Friday, December 20, 2019

10 Positive Signs For Starting Your Own Business Now

startup-nowWith the current strong economy I’m seeing a continued resurgence of entrepreneurial spirit, and more startup activity than ever before. I believe the days of the “job work” mentality are thankfully waning, with more people looking to get satisfaction by making the world a better place, rather than just tolerating brain-numbing work to fund enjoyment elsewhere.

According to current Kauffman Indicators of Entrepreneurship, the share of new entrepreneurs who started businesses to pursue opportunity rather than from necessity now exceeds 86%, more than 12 percentage points higher than ten years ago at the height of the last recession. In addition, young businesses that are still active after one year continues to hover at nearly 80%.

There is additional encouraging news for aspiring entrepreneurs on many fronts, just in case you are thinking about joining the existing ranks:

  1. Valuations of successful startups have hit an all-time high. An unprecedented number of startups, 427 at last count, are now valued above $1 billion, according to CB Insights. Three of these, JUUL Labs, Didi Chuxing, and Toutiao have already passed $50 billion. Thus a record number of entrepreneurs (and team members) are getting rich.
  1. Initial Public Offerings (IPO) are back as an exit strategy. Statistica reports that almost 20 percent more companies went public in 2018 versus 2017. The median deal size is back over $100 million. Investors are showing an increased appetite for new stocks, with a good percentage of deals pricing above the marketed share price range.
  1. Funding for early-stage startups is more available than ever. Last year 300,000+ American angels invested an estimated $25 billion in more than 70,000 startup deals. Crowd funding is setting new records worldwide, with $17 billion from North America alone, and VCs poured another $100 billion more into small growth companies last year.
  1. Cost of entry for a startup is at an all-time low. I can remember when creating a web site for eCommerce could easily require a million dollar investment. Now you can create a web site for almost nothing - and be on your way with your latest invention or personal services. Smartphone apps can be built for less than $10K, so who needs an investor?
  1. Startup incubators and accelerators are popping up everywhere. Business incubators were all the rage before the dot-com bubble (700 for profit, many more non-profit). After the bubble burst and the recession, more than 80% of them disappeared. Now they are back in every community, with the best even waving money at graduates.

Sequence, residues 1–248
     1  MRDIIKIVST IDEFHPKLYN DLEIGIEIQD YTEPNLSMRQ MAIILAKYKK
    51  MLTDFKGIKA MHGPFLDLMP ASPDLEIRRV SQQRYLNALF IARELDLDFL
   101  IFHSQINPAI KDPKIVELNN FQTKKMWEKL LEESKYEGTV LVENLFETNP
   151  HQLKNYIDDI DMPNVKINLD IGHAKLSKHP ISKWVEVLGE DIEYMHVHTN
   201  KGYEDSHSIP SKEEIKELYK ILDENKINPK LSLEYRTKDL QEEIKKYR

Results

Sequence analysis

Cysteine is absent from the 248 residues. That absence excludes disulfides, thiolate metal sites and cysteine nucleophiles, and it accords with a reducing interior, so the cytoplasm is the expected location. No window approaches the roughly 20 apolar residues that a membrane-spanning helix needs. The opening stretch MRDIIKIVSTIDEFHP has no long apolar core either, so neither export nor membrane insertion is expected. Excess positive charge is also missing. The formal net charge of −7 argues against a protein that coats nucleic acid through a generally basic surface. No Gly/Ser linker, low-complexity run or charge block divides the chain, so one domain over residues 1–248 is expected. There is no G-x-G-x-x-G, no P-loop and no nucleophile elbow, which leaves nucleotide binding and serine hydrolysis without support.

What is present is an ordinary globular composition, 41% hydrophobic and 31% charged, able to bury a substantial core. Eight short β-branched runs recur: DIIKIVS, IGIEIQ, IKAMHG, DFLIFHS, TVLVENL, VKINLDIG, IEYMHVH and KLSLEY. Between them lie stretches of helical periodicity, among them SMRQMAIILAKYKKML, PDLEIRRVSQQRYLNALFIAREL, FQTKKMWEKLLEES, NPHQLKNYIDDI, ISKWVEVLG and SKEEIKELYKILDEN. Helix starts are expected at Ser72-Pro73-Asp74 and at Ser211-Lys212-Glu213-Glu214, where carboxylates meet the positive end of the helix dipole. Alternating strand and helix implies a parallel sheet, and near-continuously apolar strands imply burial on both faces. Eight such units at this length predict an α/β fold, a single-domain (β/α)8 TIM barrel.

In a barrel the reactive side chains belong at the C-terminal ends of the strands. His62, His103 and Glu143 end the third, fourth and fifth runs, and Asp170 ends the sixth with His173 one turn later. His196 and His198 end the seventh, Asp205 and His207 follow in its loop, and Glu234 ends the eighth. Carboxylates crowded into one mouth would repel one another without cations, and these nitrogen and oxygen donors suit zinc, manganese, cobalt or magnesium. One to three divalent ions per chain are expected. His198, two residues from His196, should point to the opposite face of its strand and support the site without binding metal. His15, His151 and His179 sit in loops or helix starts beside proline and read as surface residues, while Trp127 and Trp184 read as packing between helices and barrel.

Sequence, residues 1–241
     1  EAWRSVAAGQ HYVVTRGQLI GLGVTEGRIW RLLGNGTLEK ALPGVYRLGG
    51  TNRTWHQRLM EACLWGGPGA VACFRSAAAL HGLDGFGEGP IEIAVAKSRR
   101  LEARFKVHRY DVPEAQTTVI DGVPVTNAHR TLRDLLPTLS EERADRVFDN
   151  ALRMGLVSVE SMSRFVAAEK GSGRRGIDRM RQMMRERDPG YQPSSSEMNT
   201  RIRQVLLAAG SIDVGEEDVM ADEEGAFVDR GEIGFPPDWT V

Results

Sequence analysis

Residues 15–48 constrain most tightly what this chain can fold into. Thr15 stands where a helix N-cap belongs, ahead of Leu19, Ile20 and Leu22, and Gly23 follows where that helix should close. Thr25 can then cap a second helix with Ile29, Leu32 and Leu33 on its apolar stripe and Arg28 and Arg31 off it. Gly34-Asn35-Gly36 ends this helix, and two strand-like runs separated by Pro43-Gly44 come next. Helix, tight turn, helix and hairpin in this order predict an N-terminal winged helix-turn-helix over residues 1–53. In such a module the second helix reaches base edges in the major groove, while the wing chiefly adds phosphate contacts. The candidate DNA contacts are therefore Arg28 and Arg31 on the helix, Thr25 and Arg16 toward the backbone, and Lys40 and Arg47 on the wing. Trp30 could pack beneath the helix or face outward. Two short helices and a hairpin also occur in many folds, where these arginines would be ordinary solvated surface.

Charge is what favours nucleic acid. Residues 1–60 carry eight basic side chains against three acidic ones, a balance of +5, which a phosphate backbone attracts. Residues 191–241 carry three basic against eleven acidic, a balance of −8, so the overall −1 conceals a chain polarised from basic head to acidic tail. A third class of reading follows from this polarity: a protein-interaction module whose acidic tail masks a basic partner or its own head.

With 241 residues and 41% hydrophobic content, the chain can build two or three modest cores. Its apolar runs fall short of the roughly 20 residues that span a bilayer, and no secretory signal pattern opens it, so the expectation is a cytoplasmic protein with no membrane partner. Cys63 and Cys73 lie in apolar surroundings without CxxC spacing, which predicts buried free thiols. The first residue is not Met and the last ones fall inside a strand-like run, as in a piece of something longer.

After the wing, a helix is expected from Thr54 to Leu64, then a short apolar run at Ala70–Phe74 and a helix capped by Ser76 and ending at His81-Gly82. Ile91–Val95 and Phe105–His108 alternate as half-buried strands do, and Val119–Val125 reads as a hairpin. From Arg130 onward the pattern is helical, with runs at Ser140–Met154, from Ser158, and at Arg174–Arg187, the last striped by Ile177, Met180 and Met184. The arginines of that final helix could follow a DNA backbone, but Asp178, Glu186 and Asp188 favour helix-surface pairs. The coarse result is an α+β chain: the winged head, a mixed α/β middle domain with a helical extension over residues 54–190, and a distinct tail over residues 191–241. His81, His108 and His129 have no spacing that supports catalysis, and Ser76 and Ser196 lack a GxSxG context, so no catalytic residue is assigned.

1. The world is a now single market, both homogeneous and heterogeneous. Entrepreneurs now can think globally about the opportunity, from day one but start locally. This approach, popularly known as “glocalization,” means you design and deliver global solutions that have total relevance to every local market you plan to attack.
  1. Social media is a boon for entrepreneurs and startups. With the key social media platforms today, an entrepreneur can tune a product, build a brand, and grow the business with very low cost and a high interactivity never before possible. The elements include communications, mobile platforms, and location-based services.
  1. Large corporations have lost their ability to innovate. Conglomerates, which were the engines of growth and vitality in the twentieth century, have proven themselves unable to innovate, and have a tarnished public image due to financial woes and poor management. Most now routinely buy startups for new technology and new products.
  1. Women are a growing force as entrepreneurs. According to the latest Women’s Entrepreneurship Report, overall female rates have continued to increase and the gender gap has narrowed. Women inherently should have an advantage, since women already control over 70% of household income and $20 trillion of consumer spending.
  1. Baby Boomers are joining the fun in record numbers. The percentage of startups created by entrepreneurs between the ages 55 and 64 continues to grow more than any other age demographic. Driving forces include their need to work and stay energized for the longer life expectancies, as well as the opportunity to give life to long-held dreams.

Looking ahead, Forbes predicts that in 2020 the supply of VC money will still be quite robust—with over $100 billion in investments across more than 10,000 deals. They also suggest that a business valuation discipline has returned to the Valley. The investment thesis has shifted from “growth at all costs” to “growth with fundamentals.”

The image of an entrepreneur is at an all-time high, so why would you continue to work in a job that you hate, or provides no satisfaction? Step into a new entrepreneur era where the definition of “work” is something you love. It’s never too late to start, but don’t forget the fundamentals.

Marty Zwilling



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